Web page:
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Samuel "Roxy" Rothafel (1882–1936) built an influential and prolific career as film exhibitor, stage producer, radio broadcaster, musical arranger, theater manager, war propagandist, and international celebrity. He helped engineer the integration of film, music, and live performance in silent film exhibition; scored early Fox Movietone films such as Sunrise (1927); pioneered the convergence of film, broadcasting, and music publishing and recording in the 1920s; and helped movies and moviegoing become the dominant form of mass entertainment between the world wars.
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Samuel ‘Roxy’ Rothafel and the Birth of the Entertainment Industry, recently published by Columbia University Press. Reading this weighty and groundbreaking tome, I feel a bit like a proud mother hen with her chicks, because Melnick’s project started life as a final paper in my UCLA Silent Film course, some time at the beginning of the century. Even that first paper was so bloody good and far beyond the capabilities of most beginning graduate students that I had serious suspicions it might have been plagiarized
The Roxy Theatre was a 5,920 seat movie theater located at 153 West 50th Street between 6th and 7th Avenues, just off Times Square in New York City. It opened on March 11, 1927 with the silent film The Love of Sunya, produced by and starring Gloria Swanson. The huge movie palace was a leading Broadway film showcase through the 1950s and was also noted for its lavish stage shows. The theater's stage innovations included a rising orchestra pit which could accommodate an orchestra of 110 and a Kimball theater pipe organ with three consoles which could be played simultaneously. The film projection booth was recessed into the front of the balcony to prevent film distortion caused by the usual angled projection from the top rear wall of a theater Courteous service to the patron was a key part of the Roxy formula.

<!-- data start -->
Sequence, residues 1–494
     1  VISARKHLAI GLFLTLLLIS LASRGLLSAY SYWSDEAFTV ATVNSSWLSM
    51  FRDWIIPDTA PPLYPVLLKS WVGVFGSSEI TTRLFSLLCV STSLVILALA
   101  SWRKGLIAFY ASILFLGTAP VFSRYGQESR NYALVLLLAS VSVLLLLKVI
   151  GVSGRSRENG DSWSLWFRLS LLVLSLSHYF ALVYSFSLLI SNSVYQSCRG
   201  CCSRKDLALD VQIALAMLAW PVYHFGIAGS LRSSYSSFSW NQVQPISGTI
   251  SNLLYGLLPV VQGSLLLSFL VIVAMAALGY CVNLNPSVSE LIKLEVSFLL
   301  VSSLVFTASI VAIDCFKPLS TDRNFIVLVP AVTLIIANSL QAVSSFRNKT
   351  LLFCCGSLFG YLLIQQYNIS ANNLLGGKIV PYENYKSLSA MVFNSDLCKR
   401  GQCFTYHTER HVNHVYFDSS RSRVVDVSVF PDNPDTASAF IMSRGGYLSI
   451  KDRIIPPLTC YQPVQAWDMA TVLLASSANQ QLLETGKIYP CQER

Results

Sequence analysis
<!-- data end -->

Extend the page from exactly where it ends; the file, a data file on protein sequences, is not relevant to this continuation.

Roxy was the first man to have the courage and finesse to elevate the exhibition of moving pictures beyond the store show level. He made the motion picture theatre the community art center and compelled public appreciation of films for their true artistic values. We can only wonder now what motion picture exhibition would have been in the classical period without the unique contribution of Samuel "Roxy" Rothafel. Yet, just as that era of movie palaces has faded into history, so has the memory of Rothafel. What remains of his legacy are anecdotes, legends, and incomplete histories. This essay will attempt at least partially to reconstruct the story of this important pioneer of American movie theater history.
This is the original Roxy ! In addition to the catchy handle, the brilliant entrepreneur’s most lasting legacies were the two magnificent theatres he created for Rockefeller Center: Radio City Music Hall and the RKO Roxy (the latter was torn down in 1954). While these were his crowning achievements, there were many more before them. Born on this day in 1882, the son of German immigrants, he started out playing semi-pro baseball, which is where he got his nickname. While bartending at his father-in-law’s saloon, he began to show flickers in an adjoining room.
Walks of New York Blog and Travel Guide to New York City. By Walks of New York on October 23, 2012 in. Ghosts in New York: The City’s Most Haunted Theaters. To paraphrase Frank Loesser's 'Guys and Dolls,' with the publication of American Showman, the question 'What's playing at the Roxy?' can now be answered: 'First-rate cultural history. Mindy Aloff, Washington Post.
Samuel "Roxy" Rothafel (1882-1936) built an influential and prolific career as film exhibitor, stage producer, radio broadcaster, musical arranger, theater manager, war propagandist, and international celebrity . The first book devoted to Rothafel's multifaceted career, American Showman examines his role as the key purveyor of a new film exhibition aesthetic that appropriated legitimate theater, opera, ballet, and classical music to attract multi-class audiences.